Oz scientists claim to have found natural 'invisible' gold

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Washington, June 24 : Australian scientists have for the first time unearthed hard evidence of the discovery of natural gold nanoparticles.

Scientists at the Commonwealth Scientific and Industrial Research Organisation (CSIRO) say, while nanoparticles of gold have been created in laboratories, they have never been seen in nature prior to their study.

The researchers say that new findings made in collaboration with scientists from Curtin University and the University of Western Australia may be helpful in gaining a deeper understanding of how gold can be transported and deposited by geological processes, and thereby enable explorers to find new gold deposits.

"The gold nanoparticles have not been identified earlier because they are transparent to electron beams and effectively invisible," said Dr. Rob Hough, lead author of the study.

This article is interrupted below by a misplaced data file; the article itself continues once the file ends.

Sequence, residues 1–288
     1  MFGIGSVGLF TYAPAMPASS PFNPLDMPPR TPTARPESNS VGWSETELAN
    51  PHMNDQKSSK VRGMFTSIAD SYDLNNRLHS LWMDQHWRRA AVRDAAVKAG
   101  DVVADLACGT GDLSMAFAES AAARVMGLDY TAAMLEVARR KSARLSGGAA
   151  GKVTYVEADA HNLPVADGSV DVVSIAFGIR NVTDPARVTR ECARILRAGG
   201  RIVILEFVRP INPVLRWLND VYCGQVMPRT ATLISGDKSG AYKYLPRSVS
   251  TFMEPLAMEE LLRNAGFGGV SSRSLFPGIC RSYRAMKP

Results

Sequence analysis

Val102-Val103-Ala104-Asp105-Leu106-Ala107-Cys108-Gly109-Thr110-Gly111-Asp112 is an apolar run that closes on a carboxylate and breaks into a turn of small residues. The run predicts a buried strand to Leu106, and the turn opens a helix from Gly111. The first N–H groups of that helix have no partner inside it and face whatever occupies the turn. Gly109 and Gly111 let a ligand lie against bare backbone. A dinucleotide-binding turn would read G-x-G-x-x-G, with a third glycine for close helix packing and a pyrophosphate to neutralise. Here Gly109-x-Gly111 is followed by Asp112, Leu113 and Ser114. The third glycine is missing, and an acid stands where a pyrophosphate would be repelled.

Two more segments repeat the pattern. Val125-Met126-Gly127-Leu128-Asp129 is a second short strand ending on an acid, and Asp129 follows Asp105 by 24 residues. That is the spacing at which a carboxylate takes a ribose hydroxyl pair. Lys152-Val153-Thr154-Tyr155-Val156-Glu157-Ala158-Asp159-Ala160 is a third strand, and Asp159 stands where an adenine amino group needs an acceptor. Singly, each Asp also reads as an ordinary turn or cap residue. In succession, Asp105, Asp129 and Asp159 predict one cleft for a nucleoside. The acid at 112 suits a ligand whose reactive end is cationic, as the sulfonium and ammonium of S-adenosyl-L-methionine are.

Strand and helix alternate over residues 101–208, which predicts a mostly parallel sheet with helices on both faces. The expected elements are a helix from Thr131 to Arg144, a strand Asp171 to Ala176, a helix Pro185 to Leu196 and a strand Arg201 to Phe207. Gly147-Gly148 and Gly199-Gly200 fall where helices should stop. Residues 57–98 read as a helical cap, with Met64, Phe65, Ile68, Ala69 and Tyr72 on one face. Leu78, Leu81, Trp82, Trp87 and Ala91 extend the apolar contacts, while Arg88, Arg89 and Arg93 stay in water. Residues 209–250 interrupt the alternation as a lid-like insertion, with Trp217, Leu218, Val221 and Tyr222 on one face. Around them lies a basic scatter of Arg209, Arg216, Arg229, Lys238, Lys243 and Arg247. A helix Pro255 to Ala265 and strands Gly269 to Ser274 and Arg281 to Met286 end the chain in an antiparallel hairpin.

H has revealed that his team discovered the particles in Western Australia.

"In the southern areas of the State, groundwater is very salty and acidic. This water dissolves primary gold and re-deposits it as pure gold crystals on fracture surfaces and in open pore spaces," he said.

"On investigation of these crystals, there appeared to be a dark band across them. However, high magnification imaging showed the band was in fact, a mass of gold nanoparticles and nanoplates. These are identical to those being manufactured in laboratories around the world for their unique properties," he added.

The researcher said that there was not gold visible when clays from the fracture surface were analysed, but the analysis did show that the clays contained up to 59 parts-per-million of gold.

The research team concluded that the nanoparticles of gold they had imaged represented the 'invisible' gold in the clay, and that the nanosized gold was common in similar environments.

"The gold nanoparticles have not been identified earlier because they are transparent to electron beams and effectively invisible. However, they are probably a common form of gold in this type of natural environment worldwide, where saline water interacts with gold deposits. They also provide the first direct observation of the nanoscale mobility of gold during weathering," Dr. Hough says.

A research article describing the study has been published in the journal Geology.

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